This image released by Warner Bros. Pictures shows Melissa McCarthy in a scene from "Tammy."

Tammy hits the road, with a splat

There is playing to your strengths and there is cringing overkill and with the road comedy Tammy, Melissa McCarthy is getting awfully close to the latter.


1.5 stars (out of four)

Rated: 14A

There is playing to your strengths and there is cringing overkill and with the road comedy Tammy, Melissa McCarthy is getting awfully close to the latter.

Her aggressive comic style works best in small bursts in an ensemble cast, as her Oscar-nominated turn in Bridesmaids hilariously confirmed. She can also succeed if she’s paired with an equally go-for-broke partner, as she was with Sandra Bullock in last year’s summer hit The Heat.

Left to carry most of the laugh load, however, McCarthy just isn’t ready for prime time, especially since she has yet to move past the impulsive loudmouth character that brought her fame.

She co-wrote this mean-spirited and talent-squandering film with her comedian husband Ben Falcone, who also acts and makes his directing debut. The pair prove themselves tone deaf when it comes to family projects.

McCarthy’s titular Tammy is a walking time bomb, or rather a driving one.

After nearly killing a deer she carelessly struck on the highway, she arrives late for her job at a small Illinois burger joint and immediately gets fired by her martinet of a manager (Falcone).

On her way out the door, hurling oaths, Tammy retaliates by contaminating trays of food — and the “fun” has only just begun. She arrives tired and sweaty at her abode to find her husband (Nat Faxon) having a romantic dinner with their next-door neighbour (Toni Collette).

Tammy gets precious little sympathy from her mother Deb (Allison Janney) when she tearfully shows up moments later at her childhood home, demanding the keys to mom’s car so she can get the hell out of Hicksville. Deb refuses, having seen too many outbursts like these in the past.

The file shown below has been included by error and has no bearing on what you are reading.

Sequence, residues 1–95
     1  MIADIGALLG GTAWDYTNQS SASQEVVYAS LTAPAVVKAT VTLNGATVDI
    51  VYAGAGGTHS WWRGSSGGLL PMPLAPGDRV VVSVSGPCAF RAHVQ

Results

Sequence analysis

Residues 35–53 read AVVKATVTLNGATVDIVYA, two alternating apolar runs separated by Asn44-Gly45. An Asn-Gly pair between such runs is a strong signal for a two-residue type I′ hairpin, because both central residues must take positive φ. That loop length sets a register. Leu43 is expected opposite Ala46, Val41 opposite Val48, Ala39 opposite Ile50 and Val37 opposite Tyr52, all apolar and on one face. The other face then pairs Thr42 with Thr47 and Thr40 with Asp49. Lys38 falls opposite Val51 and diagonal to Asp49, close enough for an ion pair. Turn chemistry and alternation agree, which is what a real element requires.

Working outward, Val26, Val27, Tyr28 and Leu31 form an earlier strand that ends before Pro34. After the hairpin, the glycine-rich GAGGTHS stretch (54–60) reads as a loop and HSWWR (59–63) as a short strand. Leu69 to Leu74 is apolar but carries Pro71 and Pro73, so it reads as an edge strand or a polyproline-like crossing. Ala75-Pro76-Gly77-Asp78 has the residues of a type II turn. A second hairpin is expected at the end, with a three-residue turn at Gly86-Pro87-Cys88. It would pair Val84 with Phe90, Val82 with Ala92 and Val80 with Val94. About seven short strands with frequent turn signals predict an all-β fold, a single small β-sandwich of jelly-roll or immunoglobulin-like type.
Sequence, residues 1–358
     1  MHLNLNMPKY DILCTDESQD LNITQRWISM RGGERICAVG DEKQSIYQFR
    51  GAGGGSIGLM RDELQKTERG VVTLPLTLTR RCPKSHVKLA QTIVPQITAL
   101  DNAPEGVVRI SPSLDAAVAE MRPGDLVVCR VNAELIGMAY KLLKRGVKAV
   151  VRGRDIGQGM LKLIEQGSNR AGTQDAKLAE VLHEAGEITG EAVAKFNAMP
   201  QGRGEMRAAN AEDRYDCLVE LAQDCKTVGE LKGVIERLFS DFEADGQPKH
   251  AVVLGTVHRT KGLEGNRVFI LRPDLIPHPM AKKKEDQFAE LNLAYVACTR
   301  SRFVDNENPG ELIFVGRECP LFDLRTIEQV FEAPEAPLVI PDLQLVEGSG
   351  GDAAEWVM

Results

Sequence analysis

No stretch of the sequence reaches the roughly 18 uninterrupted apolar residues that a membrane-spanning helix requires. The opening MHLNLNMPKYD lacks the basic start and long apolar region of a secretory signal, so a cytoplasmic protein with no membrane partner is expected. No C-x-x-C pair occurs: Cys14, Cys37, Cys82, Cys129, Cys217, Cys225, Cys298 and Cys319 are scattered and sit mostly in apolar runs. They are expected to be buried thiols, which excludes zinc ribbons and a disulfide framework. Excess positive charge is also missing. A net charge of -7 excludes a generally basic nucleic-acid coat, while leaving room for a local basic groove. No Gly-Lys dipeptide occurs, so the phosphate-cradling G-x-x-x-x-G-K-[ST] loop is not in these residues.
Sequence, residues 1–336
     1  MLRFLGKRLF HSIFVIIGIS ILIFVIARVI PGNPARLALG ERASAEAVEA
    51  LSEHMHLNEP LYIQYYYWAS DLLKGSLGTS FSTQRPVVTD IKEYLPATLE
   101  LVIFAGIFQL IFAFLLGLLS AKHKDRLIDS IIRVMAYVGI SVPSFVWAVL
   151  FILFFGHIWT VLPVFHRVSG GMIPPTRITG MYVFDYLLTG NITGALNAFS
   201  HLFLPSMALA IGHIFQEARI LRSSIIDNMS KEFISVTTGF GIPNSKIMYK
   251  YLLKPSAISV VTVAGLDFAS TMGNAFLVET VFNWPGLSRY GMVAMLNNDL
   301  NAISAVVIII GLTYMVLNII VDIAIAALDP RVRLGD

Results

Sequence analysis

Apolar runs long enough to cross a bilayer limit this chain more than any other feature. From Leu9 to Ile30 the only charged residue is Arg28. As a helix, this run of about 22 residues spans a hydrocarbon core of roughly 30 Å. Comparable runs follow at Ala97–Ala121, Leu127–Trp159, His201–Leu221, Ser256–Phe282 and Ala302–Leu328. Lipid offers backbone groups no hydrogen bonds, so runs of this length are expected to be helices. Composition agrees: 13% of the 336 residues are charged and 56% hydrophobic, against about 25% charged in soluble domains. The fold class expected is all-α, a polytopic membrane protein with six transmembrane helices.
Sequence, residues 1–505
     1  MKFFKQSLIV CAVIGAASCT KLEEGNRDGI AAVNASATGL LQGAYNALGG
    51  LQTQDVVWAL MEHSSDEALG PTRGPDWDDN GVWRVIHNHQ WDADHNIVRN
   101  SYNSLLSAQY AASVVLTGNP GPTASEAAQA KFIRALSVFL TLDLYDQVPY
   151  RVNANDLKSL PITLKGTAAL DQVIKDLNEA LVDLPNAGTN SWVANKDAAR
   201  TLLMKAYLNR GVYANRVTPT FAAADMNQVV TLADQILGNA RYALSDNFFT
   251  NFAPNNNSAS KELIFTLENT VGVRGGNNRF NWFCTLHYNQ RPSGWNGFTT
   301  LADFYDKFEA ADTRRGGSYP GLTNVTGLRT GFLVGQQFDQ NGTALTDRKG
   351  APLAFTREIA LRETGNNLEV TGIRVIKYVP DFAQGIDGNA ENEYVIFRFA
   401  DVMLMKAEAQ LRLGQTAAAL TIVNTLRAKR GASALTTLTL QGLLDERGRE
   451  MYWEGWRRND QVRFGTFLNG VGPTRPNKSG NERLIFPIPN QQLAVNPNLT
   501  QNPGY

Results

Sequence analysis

But Tammy finds a willing co-conspirator in her grandma Pearl (Susan Sarandon) who not only has a car and a wad of cash but also a yen to see Niagara Falls before Deb shoves her into a nursing home.

Before you can say Thelma and Louise, the gals are tooling down the highway, illegally hoisting brewskis to the tune of Canned Heat’s Going Up The Country (guess Steppenwolf’s Born To Be Wild was unavailable).

How’d you guess that Pearl would also turn out to be a troublemaker? She’s into booze and sex, both of which are provided by a rowdy farmer (Gary Cole), much to the discomfort of his uptight son (Mark Duplass).

Tammy, meanwhile, seems determined to continue making a public spectacle of herself, as she rudely sets upon any person or machine that crosses her path. Brace yourself for confrontations with cops, liquor store clerks, water toy renters and burger stand drones, along with the inevitable third act bid for redemption and romance.

None of this is remotely mirthful — as good as she is, Sarandon lacks the comic timing of a Sandra Bullock or Kristen Wiig — and some of it is painful to watch.

Such as in a barroom scene, where Tammy sets out to prove she’s catnip to males boldly propositioning two men seated nearby.

When they politely turn her down, her response is to insinuate that they must be gay.

Homophobic much? There’s a lot of such crude humour in the film, which you expect from McCarthy, but what are we to make of the unspoken ageism in the film? It reinforces Hollywood’s implicit message that women over 40 have to play kooky or maternal characters.

McCarthy is 43, yet Janney, 54, is playing her mother while Sarandon, 67, is her grandmother. How does this make any sense outside of Hollywood?

The story could have been much better funnier had the three women played friends instead of multi-generational relations.

And why stop there? Make the film a true ensemble comedy by making better use of the very funny Toni Collette, and other amusing actors who are regrettably reduced to cameos: Kathy Bates, Sandra Oh and Dan Aykroyd.

But then Tammy is really only about Melissa McCarthy, which is where the problem begins and ends.

Peter Howell is a syndicated Toronto Star movie critic.

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